The Journal of Value Inquiry

, Volume 45, Issue 2, pp 239–243 | Cite as

Donald Robertson, The Philosophy of Cognitive-Behavioural Therapy (CBT): Stoic Philosophy as Rational and Cognitive Psychotherapy

Karnac Books Ltd.: London, 2010, pp. xxvi + 288. ISBN: 978-1-85575-756-1. US$30.00
  • William FerraioloEmail author
Book Review
It is high time that some member of the community of contemporary therapists, so many of whom deploy one or more of the many permutations of cognitive behavioral therapy (CBT) to help manage their patients’ psychological dysfunction, paid proper obeisance to the ancient architects upon whose work so much modern therapeutic theory and practice are built. In other words, the Stoics are due, indeed, overdue, at least a bit of credit. After all, they practically invented CBT, rational emotive behavior therapy (REBT), and paved the way for many of the other techniques now used to treat patients, make money, build reputations, sell books, and generally address the inveterate cognitive and emotional infirmities endemic to the human condition. Fortunately, Donald Robertson undertakes precisely this task of uncovering and acknowledging the Stoic taproot of popular modes of contemporary therapy and counsel in his recent and admirable book, The Philosophy of Cognitive-Behavioural Therapy (CBT):...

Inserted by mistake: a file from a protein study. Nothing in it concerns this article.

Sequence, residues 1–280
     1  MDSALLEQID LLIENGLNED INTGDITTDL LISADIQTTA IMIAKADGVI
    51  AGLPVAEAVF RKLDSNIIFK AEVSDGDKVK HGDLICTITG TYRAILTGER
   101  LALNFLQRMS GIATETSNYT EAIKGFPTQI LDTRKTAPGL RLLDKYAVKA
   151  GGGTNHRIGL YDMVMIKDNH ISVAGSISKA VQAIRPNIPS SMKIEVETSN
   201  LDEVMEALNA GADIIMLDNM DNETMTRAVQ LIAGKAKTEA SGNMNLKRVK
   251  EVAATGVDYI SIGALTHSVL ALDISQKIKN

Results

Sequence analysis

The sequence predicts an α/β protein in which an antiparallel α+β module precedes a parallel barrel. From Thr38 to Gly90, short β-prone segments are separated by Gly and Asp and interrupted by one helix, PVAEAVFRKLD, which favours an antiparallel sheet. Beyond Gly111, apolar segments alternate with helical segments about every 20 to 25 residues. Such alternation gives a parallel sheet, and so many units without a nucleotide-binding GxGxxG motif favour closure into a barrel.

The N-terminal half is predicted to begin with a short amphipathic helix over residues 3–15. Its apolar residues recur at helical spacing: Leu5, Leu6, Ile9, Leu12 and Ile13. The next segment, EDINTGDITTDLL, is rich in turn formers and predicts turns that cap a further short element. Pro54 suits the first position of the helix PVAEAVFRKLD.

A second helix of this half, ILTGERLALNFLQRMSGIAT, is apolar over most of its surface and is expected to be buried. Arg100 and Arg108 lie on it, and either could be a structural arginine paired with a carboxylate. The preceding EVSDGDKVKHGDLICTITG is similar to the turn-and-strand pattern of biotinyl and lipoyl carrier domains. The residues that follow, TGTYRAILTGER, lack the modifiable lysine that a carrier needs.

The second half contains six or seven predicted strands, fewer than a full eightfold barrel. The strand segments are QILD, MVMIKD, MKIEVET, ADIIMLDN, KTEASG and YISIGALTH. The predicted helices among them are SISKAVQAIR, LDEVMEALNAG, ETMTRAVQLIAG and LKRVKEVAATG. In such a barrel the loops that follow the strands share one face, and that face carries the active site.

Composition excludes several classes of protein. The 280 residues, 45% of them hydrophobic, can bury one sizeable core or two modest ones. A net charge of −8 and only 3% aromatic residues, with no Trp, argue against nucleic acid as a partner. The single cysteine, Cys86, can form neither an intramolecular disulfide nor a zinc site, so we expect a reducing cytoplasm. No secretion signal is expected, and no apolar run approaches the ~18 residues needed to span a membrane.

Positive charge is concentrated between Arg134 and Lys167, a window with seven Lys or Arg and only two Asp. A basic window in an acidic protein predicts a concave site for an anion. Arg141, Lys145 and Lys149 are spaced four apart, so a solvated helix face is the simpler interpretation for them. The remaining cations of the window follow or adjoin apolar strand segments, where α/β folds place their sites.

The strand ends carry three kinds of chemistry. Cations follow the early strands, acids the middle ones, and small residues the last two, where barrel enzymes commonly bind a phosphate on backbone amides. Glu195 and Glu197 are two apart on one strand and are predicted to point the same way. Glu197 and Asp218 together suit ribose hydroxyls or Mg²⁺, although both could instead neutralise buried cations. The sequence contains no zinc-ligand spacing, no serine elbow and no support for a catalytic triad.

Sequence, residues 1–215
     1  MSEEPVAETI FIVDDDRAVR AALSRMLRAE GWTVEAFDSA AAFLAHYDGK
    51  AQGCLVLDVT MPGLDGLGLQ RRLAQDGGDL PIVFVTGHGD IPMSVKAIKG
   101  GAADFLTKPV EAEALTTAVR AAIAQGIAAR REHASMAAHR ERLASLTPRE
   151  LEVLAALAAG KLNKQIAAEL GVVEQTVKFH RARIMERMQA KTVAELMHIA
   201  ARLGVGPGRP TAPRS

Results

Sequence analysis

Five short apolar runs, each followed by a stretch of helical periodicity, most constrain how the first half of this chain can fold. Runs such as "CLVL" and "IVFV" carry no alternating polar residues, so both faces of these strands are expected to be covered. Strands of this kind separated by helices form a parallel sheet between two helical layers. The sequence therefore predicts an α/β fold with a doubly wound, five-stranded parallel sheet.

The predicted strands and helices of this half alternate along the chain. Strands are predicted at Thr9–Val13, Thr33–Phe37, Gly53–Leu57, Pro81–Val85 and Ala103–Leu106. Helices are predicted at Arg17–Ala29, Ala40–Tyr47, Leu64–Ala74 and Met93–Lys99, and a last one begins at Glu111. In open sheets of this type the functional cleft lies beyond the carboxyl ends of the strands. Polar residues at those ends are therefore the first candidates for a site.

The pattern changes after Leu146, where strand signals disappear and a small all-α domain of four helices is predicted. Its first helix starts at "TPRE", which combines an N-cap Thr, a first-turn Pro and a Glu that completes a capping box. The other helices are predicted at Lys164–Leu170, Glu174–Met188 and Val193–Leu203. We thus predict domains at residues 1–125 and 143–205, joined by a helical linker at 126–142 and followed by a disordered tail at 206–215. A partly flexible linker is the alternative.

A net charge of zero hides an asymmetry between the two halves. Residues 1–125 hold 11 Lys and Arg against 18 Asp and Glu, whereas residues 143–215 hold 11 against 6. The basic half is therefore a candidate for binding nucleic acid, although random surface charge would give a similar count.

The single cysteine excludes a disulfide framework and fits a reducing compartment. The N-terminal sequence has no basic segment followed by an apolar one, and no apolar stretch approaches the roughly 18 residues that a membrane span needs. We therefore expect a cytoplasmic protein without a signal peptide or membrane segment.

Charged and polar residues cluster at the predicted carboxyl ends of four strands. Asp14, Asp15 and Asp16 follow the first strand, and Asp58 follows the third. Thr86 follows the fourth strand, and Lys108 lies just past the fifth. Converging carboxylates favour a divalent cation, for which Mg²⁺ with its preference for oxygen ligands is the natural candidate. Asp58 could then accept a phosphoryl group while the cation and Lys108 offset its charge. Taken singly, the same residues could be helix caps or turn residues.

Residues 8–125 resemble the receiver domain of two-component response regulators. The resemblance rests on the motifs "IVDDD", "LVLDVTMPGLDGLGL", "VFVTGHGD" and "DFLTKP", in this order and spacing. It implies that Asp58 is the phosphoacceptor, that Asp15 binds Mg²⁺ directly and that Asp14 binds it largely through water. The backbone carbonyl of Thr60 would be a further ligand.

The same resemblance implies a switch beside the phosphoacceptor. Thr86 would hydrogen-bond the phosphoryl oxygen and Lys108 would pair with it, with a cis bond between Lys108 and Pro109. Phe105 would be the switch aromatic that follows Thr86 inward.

Copyright information

© Springer Science+Business Media B.V. 2011

Authors and Affiliations

  1. 1.Philosophy DepartmentSan Joaquin Delta CollegeStocktonUSA

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